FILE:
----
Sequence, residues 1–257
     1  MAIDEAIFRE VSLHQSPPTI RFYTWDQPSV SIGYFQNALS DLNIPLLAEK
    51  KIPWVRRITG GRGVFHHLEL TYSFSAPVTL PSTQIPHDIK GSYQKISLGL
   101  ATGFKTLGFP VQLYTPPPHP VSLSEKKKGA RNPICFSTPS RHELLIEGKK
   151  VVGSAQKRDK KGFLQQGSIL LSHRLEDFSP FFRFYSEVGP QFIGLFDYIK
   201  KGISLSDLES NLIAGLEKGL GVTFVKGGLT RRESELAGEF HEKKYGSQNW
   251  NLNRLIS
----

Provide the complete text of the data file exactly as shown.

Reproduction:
Sequence, residues 1–257
     1  MAIDEAIFRE VSLHQSPPTI RFYTWDQPSV SIGYFQNALS DLNIPLLAEK
    51  KIPWVRRITG GRGVFHHLEL TYSFSAPVTL PSTQIPHDIK GSYQKISLGL
   101  ATGFKTLGFP VQLYTPPPHP VSLSEKKKGA RNPICFSTPS RHELLIEGKK
   151  VVGSAQKRDK KGFLQQGSIL LSHRLEDFSP FFRFYSEVGP QFIGLFDYIK
   201  KGISLSDLES NLIAGLEKGL GVTFVKGGLT RRESELAGEF HEKKYGSQNW
   251  NLNRLIS